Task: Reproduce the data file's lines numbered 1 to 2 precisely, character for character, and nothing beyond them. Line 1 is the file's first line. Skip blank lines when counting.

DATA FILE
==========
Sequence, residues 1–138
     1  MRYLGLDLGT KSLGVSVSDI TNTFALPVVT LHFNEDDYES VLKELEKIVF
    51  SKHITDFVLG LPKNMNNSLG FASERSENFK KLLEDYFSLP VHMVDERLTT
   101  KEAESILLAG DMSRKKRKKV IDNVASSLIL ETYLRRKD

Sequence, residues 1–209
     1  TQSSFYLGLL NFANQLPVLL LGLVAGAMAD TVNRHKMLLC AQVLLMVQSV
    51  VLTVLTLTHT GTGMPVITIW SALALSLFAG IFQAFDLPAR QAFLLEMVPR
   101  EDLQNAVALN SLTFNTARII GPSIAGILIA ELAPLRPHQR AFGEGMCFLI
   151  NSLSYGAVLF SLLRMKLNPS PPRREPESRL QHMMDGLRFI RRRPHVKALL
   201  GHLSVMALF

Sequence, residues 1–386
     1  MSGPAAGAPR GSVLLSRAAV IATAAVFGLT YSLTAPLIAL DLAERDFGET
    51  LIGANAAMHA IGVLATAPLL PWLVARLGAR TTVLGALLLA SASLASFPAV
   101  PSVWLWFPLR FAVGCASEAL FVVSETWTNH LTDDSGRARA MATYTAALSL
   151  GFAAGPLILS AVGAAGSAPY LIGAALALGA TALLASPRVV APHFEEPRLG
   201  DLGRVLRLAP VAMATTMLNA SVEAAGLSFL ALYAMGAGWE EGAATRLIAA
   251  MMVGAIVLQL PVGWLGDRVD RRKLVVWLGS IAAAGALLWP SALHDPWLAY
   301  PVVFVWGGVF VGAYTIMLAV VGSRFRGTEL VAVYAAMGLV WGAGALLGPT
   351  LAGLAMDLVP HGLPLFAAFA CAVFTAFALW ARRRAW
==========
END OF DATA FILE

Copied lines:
Sequence, residues 1–138
     1  MRYLGLDLGT KSLGVSVSDI TNTFALPVVT LHFNEDDYES VLKELEKIVF